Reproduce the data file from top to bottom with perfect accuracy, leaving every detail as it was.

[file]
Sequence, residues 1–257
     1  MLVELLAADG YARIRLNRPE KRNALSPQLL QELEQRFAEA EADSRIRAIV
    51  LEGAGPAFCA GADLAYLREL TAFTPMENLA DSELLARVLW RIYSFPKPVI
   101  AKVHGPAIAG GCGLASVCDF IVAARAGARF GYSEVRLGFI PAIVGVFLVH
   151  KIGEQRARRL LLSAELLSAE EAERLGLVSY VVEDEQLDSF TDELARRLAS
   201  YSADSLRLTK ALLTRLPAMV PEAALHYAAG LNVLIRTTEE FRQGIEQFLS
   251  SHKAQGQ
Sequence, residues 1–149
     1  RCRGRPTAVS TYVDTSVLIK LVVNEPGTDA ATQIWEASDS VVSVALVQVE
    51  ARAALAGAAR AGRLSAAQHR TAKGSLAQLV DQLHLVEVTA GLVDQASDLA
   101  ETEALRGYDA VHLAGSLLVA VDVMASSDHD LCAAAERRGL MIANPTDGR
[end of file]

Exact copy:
Sequence, residues 1–257
     1  MLVELLAADG YARIRLNRPE KRNALSPQLL QELEQRFAEA EADSRIRAIV
    51  LEGAGPAFCA GADLAYLREL TAFTPMENLA DSELLARVLW RIYSFPKPVI
   101  AKVHGPAIAG GCGLASVCDF IVAARAGARF GYSEVRLGFI PAIVGVFLVH
   151  KIGEQRARRL LLSAELLSAE EAERLGLVSY VVEDEQLDSF TDELARRLAS
   201  YSADSLRLTK ALLTRLPAMV PEAALHYAAG LNVLIRTTEE FRQGIEQFLS
   251  SHKAQGQ
Sequence, residues 1–149
     1  RCRGRPTAVS TYVDTSVLIK LVVNEPGTDA ATQIWEASDS VVSVALVQVE
    51  ARAALAGAAR AGRLSAAQHR TAKGSLAQLV DQLHLVEVTA GLVDQASDLA
   101  ETEALRGYDA VHLAGSLLVA VDVMASSDHD LCAAAERRGL MIANPTDGR